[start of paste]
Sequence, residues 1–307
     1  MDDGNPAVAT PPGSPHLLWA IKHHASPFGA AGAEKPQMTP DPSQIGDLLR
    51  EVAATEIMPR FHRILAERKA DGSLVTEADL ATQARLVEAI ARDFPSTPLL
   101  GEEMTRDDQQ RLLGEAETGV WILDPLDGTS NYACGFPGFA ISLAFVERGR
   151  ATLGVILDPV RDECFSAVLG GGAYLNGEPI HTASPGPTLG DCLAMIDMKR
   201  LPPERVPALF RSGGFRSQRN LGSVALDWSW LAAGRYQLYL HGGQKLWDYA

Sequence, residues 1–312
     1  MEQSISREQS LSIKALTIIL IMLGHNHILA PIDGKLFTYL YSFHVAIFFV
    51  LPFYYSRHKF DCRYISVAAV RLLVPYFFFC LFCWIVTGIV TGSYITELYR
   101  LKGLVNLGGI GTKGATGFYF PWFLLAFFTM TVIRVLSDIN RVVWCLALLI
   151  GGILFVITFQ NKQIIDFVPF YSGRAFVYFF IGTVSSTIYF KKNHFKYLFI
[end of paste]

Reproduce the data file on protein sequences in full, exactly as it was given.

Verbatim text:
Sequence, residues 1–307
     1  MDDGNPAVAT PPGSPHLLWA IKHHASPFGA AGAEKPQMTP DPSQIGDLLR
    51  EVAATEIMPR FHRILAERKA DGSLVTEADL ATQARLVEAI ARDFPSTPLL
   101  GEEMTRDDQQ RLLGEAETGV WILDPLDGTS NYACGFPGFA ISLAFVERGR
   151  ATLGVILDPV RDECFSAVLG GGAYLNGEPI HTASPGPTLG DCLAMIDMKR
   201  LPPERVPALF RSGGFRSQRN LGSVALDWSW LAAGRYQLYL HGGQKLWDYA

Sequence, residues 1–312
     1  MEQSISREQS LSIKALTIIL IMLGHNHILA PIDGKLFTYL YSFHVAIFFV
    51  LPFYYSRHKF DCRYISVAAV RLLVPYFFFC LFCWIVTGIV TGSYITELYR
   101  LKGLVNLGGI GTKGATGFYF PWFLLAFFTM TVIRVLSDIN RVVWCLALLI
   151  GGILFVITFQ NKQIIDFVPF YSGRAFVYFF IGTVSSTIYF KKNHFKYLFI